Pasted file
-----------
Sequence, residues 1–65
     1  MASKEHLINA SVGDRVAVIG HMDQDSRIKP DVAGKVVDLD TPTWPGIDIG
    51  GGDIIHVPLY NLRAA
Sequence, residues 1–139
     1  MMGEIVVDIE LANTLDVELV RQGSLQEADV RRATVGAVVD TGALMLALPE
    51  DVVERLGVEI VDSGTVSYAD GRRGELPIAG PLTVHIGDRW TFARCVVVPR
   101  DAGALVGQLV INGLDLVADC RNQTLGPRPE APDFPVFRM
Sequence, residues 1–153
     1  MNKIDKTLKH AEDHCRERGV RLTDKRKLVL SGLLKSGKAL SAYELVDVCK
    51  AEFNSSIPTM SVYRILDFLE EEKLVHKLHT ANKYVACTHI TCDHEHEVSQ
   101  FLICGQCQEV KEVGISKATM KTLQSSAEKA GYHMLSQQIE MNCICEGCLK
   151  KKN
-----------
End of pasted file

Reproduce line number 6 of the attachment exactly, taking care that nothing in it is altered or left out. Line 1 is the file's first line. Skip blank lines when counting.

    51  DVVERLGVEI VDSGTVSYAD GRRGELPIAG PLTVHIGDRW TFARCVVVPR